He did it again at the National Wedding Show. It was bad enough already being surrounded by nothing but couples and their pushchairs, fiancees and their mums, rank upon rank of Vaseline-smeared photos with oil-paint finish - but then a big door sesamed open. "Ooh, look," said Lucy, "there's a horse." It was indeed a horse. A white one or, for those in the know, a flea-bitten grey. Probably not the first horse in Olympia, but an unexpected sight none- theless. Then... "There's somebody on it," said Lucy. "He seems to be dressed like Davy Crockett." We shuffled among the rapidly forming knot, dazzled by the glare of lights bouncing off engagement rings. Then... "Oh, my God," said Lucy, "it's Richard Branson. Again." Turns out he's been following her, as well.
The National Wedding Show is a bit of a scream. For about five minutes. After that you start to get frou-frou overload. That and Bad Pun Fever. Seems that no firm that involves itself with the ghastly business of strapping some girlie into something she can't run away in, so the family can celebrate her sexual primacy can resist calling themselves by some monicker designed to raise a giggle, or the gorge, depending on your personality. I know what being surrounded by signs reading The Olde Bag Co Ltd, Brides of Paradise, Maid in Heaven, Love is in the Air balloon design and Choccywoccydoodah did to me. Virgin Brides seems mild in comparison.
Marriage and babies have this in common: everyone thinks that theirs was special. You know how parents believe that their vomit-encrusted blobs smell of roses? Married people do that about their weddings as well. You may not have been able to distinguish between their cream silk with the puffed sleeves and the skirt that looked like it had been dropped from a ladder and sewn up and the 15 others you saw that year, but it was a special dress. Little bits of net with sugared almonds in? Fights over the guest list? A toaster for each room in the house? A druid ceremony at dawn on the congested chalk member of the Cerne Abbas Giant? I've always thought that one of the advantages of being gay would be not having to go through all this. Evidently not. The Joseph Rowntree Foundation may have found that marriage is at its lowest level in 150 years, but that's because they're not counting the single-sex couples dressing up in tuxes and swearing to be supportive. Love, it seems, ain't really love until you've simpered in public.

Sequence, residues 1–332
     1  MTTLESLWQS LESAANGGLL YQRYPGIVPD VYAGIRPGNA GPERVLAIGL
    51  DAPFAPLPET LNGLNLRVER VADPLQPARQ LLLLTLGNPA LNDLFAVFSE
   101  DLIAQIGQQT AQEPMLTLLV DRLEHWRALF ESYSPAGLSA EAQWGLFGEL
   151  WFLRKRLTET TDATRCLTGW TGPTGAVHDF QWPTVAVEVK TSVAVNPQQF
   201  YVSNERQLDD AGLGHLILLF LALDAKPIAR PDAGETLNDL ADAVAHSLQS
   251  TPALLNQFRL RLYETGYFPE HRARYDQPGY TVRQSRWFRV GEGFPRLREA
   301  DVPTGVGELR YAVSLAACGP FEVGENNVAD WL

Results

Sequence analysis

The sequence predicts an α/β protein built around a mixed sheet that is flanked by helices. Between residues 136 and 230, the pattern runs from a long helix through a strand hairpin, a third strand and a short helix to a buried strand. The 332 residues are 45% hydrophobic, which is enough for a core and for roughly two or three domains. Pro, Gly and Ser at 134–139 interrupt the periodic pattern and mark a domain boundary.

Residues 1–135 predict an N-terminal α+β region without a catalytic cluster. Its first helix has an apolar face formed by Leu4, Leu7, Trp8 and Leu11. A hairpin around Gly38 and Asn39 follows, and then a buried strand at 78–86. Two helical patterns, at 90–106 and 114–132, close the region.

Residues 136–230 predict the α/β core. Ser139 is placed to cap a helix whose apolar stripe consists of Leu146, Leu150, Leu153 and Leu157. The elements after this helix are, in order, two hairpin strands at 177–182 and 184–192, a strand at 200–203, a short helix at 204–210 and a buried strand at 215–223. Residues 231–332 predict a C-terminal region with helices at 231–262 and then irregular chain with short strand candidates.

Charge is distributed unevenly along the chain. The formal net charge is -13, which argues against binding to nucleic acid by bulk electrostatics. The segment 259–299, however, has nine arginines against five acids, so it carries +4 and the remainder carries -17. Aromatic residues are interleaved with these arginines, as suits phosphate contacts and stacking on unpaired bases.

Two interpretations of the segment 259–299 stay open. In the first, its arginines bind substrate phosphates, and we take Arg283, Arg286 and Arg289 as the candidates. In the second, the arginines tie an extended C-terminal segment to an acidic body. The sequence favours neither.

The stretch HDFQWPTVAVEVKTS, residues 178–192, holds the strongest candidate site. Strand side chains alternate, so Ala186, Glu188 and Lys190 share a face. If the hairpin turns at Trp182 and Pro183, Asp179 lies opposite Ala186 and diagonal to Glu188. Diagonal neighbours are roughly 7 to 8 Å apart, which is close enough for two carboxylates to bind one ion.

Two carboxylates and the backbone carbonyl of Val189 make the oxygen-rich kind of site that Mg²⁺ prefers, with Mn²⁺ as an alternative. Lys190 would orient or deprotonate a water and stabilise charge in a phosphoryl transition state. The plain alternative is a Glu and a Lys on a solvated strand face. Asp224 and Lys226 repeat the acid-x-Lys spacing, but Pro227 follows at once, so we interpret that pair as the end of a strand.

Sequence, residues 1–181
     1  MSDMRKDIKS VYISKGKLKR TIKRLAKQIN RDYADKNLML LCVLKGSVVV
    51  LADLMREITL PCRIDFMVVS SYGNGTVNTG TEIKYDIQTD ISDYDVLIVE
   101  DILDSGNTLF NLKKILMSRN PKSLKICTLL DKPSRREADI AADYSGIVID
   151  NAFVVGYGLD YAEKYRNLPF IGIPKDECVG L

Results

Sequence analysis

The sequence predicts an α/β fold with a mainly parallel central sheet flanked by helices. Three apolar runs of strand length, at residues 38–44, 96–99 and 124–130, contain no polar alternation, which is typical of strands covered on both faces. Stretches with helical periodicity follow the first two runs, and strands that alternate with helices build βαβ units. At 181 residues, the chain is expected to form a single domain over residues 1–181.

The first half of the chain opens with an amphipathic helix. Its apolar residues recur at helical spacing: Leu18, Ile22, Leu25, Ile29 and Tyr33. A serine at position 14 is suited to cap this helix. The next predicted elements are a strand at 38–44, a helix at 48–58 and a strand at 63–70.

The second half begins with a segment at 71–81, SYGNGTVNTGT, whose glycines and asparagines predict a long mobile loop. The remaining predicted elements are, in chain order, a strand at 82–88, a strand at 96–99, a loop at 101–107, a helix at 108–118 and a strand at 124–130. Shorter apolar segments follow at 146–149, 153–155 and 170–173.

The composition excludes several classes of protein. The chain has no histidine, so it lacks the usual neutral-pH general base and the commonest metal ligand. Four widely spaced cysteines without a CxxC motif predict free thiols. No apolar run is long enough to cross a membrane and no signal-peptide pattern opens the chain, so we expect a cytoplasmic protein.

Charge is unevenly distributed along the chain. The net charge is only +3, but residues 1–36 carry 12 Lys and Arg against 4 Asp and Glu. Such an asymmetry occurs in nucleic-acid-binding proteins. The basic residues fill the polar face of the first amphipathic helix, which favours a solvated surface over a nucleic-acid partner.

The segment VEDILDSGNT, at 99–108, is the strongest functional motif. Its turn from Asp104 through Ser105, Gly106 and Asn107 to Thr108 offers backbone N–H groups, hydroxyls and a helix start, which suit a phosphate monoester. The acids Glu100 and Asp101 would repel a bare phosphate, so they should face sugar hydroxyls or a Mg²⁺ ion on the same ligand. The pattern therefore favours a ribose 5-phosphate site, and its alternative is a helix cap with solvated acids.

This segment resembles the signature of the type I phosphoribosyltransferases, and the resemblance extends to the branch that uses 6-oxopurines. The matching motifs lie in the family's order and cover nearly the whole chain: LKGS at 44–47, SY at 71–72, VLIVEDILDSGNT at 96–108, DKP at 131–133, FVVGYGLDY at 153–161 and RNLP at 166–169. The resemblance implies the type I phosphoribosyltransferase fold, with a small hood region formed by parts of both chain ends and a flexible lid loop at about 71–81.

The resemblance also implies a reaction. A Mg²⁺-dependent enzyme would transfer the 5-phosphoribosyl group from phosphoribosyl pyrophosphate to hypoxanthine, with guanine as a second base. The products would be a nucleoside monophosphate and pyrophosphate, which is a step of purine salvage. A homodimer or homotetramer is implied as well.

And boy, they were simpering for England at Olympia. Imagine running a company that caters to weddings. You must have your simper tattooed on your face. There you are: PMT, fallen arches and trouble with the taxman, but when the bell pings, the smile has to come. "Oh, how lovely. Congratulations," you say as the 85th acned teenager of the day tells you she's signing up for the long haul. "You look bee- you-tiful," you lilt as she waddles meringue-like from the changing room; "five tiers with pink ribbons and a heart on the top? Gorgeous." And you note down the marital address so that in 9.9 years (Office of Population Censuses and Surveys) you can organise the divorce celebrations.
Down by the catwalk, where creations in tulle stalked on women who hadn't eaten in months, mums and daughters drifted with their arms round each other and sighed. We stood behind a couple. They wore matching nylon navy anoraks. She had her arm draped over his shoulders: from a distance it looked like affection; close up, you could tell from the tension in her neck that it was more clamp than cuddle. He had a fag cupped in his hand, glancing about him for security guards, then trod it out on the powder- blue carpet. Then a ballad that went something like "I've been kissed by a nose on the thing" came on and they swayed together, mouthing the lyrics. Sorry, but some practices should be confined to private spaces.
Then the cast of Seven Brides for Seven Brothers appeared, elbows flapping, and Branson was back. A trolley dolly in a Virgin Brides dress perched behind him, train trailing perilously below the horse's rear end. Flashbulbs popped. "Richard! Richard! Wave your hat!" cried the snappers. He waved his hat. "Get the girls to stand behind you and lift their skirts!" The last time I saw him, he perched on a mock- up Eurostar train at Disneyland and waved his conductor's hat. That was when I realised that it's not so much that he's following me, but that he'll do anything for a photocall. Remember: Margaret Thatcher wants you to Keep Britain Tidy. Lucy nudged me. "Let's just hope," she said, "they never launch Virgin Plumbing. He'd pose for that as well."Reuse content